Whatever pepper you use, remember to prepare it with rubber or latex gloves to keep the juices from coating your hands, especially if you wear glasses or contacts. Peel and pit the avocados, and then mash them into a paste in a medium bowl. Add the onion, cilantro, and lime juice, and the desired amount of your pepper of choice. Add as much salt and pepper as you see fit, and mix everything together.
If you want a more dairy-style dip, Tostitos spinach dip is a delicious favorite, but it will likely taste better and cost less making your own. If you’re lactose-intolerant, don’t worry. There is a way to bypass the need for sour cream. It will require either a lot of patience or a food processor because there will be a lot of sauteing involved.
Today suggests throwing about a quarter of a sweet onion, three cloves of garlic, fresh spinach, and artichoke hearts in the food processor. Mix it all into a creamy cashew sauce with lemon juice and as much cayenne pepper as you want. Bake it until it bubbles, and you’re done.
This dip goes best with Wavy Lays for maximum dipping.
A regular party favorite is the Buffalo wing. It may be small and lacking in meat, but what it offers is a tasty punch while you’re rooting for your favorite team. This will require a deep fryer, which you can probably pick up at your local Kroger, Fry’s, Fred Meyer, etc. (all the same company, varies by state) for less than $50. You can also buy it online if you wish, but game day is almost upon us and shipping could mean you don’t get it until next week at the earliest.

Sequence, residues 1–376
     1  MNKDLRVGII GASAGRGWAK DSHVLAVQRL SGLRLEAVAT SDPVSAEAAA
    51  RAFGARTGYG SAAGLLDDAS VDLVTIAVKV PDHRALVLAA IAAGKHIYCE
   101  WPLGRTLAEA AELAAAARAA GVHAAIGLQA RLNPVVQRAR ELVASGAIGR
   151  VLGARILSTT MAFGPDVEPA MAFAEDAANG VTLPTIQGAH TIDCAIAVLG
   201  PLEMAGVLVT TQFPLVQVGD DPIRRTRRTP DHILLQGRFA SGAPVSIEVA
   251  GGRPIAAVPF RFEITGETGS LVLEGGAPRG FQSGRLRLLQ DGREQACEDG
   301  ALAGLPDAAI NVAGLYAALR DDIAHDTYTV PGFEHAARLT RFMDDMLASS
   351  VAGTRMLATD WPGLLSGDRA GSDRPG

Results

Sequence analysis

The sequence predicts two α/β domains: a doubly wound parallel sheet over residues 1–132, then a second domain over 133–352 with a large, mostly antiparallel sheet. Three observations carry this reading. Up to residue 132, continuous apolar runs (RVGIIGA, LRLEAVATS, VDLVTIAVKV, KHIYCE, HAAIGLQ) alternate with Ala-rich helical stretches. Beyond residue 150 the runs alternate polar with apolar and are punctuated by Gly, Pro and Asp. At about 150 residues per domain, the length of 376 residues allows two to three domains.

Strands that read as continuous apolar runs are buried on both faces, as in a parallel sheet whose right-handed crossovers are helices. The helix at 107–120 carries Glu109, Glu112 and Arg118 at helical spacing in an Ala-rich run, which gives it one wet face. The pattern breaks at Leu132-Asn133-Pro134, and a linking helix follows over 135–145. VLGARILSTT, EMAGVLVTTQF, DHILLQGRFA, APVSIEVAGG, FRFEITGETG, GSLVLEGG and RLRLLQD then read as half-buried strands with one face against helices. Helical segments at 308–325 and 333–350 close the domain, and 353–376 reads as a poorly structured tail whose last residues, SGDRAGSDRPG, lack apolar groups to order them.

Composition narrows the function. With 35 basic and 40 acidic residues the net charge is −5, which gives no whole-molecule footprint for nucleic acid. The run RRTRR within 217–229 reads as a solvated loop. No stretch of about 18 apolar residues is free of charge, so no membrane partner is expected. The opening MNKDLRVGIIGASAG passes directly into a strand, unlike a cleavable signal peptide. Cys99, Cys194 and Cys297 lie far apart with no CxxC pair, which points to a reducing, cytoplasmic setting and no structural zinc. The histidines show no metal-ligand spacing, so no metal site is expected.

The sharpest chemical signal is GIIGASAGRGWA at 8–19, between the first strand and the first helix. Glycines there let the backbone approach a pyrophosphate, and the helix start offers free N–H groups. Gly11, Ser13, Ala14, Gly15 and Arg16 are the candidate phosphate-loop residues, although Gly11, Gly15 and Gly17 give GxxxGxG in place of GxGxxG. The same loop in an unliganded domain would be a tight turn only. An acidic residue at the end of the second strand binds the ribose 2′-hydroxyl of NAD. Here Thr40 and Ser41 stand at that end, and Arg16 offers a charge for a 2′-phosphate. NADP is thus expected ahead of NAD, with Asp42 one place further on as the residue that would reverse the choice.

Buy a package of 12 or so frozen or fresh chicken wings. Frozen ones won’t taste as good, and you will probably want the bone in, as the marrow adds flavor while it cooks. Put the suggested amount of canola oil in the deep fryer and give it time to heat up. The cheap but effective Fry Daddy brand automatically heats the oil as soon as you plug it in and suggests waiting 15 minutes. Use a fry basket to lower the chicken into the oil and fry it for 12 to 15 minutes depending on the size of the wings. Make sure you don’t overfill the basket, as too many wings at once can ruin the end result.